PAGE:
The ceremony had been both familiar and strangely unfamiliar to Dudley—or what he'd been able to see of it was, anyway, seated, as he and Petunia found themselves, behind a terrifyingly familiar figure who was about twice the size of a normal man. In fact, Dudley hadn't seen much other than the shaggy back of an enormous head and his own hands as he stared down at them throughout the ceremony.
Dudley hadn't been to too many weddings, it was true, but he'd seen his fair share of them in movies and such. As far as he knew, no ceremony that he'd ever seen ended with doves popping out of golden balloons and singing their way to the sky while the assembled guests laughed and the groom gave a thumbs-up to his one-eared brother-in-law. The bride had seemed less impressed by the display and had grabbed the groom by his face to redirect his attention to a more romantic purpose, eliciting a cheer from the guests.
And then, as if Dudley weren't disoriented enough, the chairs had all risen up in the air before he'd finished standing up. The rest of the huge crowd barely seemed to notice, but Petunia looked like she was on the verge of fainting, and it took Dudley some real, conscious effort to keep his jaw from hanging open. Longbottom reappeared as the throngs surged towards the tables, following the chairs.
"Help you to your seats?" Longbottom inquired politely.
Neither Dudley nor Petunia were able to find their tongues, but they followed Longbottom to a table at the edge of the marquee in which the celebrations were taking place. They were a good ways away from the dance floor, but Dudley thought that might be for the best; it seemed unlikely that they would be dancing, and it wouldn't be bad to be away from the limelight.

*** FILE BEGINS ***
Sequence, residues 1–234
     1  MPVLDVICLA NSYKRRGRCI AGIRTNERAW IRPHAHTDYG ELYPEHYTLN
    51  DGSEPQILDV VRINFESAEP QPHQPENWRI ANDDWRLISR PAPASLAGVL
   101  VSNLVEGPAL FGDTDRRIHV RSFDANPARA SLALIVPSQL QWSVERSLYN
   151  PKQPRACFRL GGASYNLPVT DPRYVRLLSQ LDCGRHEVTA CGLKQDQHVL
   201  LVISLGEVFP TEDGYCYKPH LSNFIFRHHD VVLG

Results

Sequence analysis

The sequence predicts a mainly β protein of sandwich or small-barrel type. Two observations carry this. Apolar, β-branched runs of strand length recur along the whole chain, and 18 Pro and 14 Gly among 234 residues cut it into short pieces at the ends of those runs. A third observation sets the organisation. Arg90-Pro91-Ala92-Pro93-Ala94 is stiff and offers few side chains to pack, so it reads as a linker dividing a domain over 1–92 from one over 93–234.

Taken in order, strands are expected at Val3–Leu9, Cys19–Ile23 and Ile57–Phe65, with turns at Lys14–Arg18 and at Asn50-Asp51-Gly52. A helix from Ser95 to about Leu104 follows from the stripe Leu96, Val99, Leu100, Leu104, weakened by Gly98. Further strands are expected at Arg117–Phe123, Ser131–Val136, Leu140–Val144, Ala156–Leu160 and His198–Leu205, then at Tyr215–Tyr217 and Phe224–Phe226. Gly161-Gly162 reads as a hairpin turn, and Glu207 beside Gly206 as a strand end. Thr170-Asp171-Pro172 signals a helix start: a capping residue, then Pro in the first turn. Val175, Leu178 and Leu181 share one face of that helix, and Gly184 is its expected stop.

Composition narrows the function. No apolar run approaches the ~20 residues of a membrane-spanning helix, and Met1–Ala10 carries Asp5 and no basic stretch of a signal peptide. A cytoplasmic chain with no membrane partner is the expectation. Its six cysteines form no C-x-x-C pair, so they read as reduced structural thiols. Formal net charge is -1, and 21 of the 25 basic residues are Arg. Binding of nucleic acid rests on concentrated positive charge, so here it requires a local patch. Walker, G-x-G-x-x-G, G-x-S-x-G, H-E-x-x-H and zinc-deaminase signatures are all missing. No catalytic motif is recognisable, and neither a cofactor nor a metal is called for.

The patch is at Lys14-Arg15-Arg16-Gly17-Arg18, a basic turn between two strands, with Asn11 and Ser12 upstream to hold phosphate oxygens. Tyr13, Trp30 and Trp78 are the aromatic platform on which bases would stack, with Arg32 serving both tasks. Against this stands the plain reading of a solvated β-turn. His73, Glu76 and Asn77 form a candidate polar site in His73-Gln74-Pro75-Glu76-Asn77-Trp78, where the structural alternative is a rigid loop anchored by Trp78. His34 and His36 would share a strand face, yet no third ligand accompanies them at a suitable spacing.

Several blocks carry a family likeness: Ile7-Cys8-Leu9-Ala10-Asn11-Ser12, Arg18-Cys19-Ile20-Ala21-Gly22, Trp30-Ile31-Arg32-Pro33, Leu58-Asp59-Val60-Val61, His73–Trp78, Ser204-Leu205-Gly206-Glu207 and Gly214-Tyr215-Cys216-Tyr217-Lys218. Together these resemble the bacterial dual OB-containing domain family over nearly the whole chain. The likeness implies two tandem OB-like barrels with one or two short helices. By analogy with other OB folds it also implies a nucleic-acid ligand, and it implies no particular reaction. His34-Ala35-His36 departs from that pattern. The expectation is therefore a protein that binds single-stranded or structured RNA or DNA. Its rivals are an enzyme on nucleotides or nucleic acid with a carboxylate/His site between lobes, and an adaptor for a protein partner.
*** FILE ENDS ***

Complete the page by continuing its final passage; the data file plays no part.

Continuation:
The limelight, however, seemed to be following Dudley. Hardly had he and Petunia taken their seats and Longbottom gone off to find his own seat then two men about Dudley's age materialized in front of Dudley, their eyes wide.
"Blimey," the tall black man said, awe in his voice. "You are, aren't you? You're Big D?"
Dudley looked uncomfortably from one man to the other. "Er, yeah," he said after a long pause.
The other man swore and passed a gold coin to his companion. "I thought Harry was taking the mick, claiming his cousin was Big D," he said, an Irish accent tingeing his speech. He held out his hand. "Seamus Finnegan, and this is my mate, Dean Thomas."
Thomas also held out his hand, and Dudley shook them both. "Big fans of yours, Big D, really," Thomas gushed. "We watched your match against that Latvian—ugly bloke, wasn't he? I won a nice haul off of Seamus from that match."
Dudley raised his eyebrows at Finnegan. "You bet on Ozils?"
Finnegan held his hands up in apology. "He's huge, mate. I always bet on size. Don't get me wrong, you earned that win. But there was no way I was putting my money on you, not with his extra reach."
Dudley grinned, glad to be able to talk about something he understood. "No hard feelings, mate," he told Finnegan. "Next time, put your money on skill."
Finnegan laughed. "Yeah, all right, that's fair."
"Hey, Big D, could we get your autograph?" Thomas asked, grabbing a serviette off of a floating tray of champagne glasses.
"Sure," Dudley said. He patted his pocket and grimaced at his new fans. "I haven't got a pen," he apologized.
"Not a problem," Thomas said, plunging his hand into a pocket on his scarlet robes. He pulled out a feather and a small bottle. "What color would you like?"
"Ink. What color ink?"
"Oh, uh, black is fine. Or whatever."
Thomas thrust the serviette and feather at Finnegan, who set them on the table, and then drew a long stick from inside one of his sleeves—a wand. Dudley realized he hadn't seen one yet today, but he knew what he was seeing by the swooping in his stomach and the tightening in his chest. He'd seen his cousin's before on several occasions. Thomas tapped the little bottle, and the cork that was stoppering it flew out and fell to the ground. "Right, black it is," Thomas said, setting the bottle down beside serviette and feather.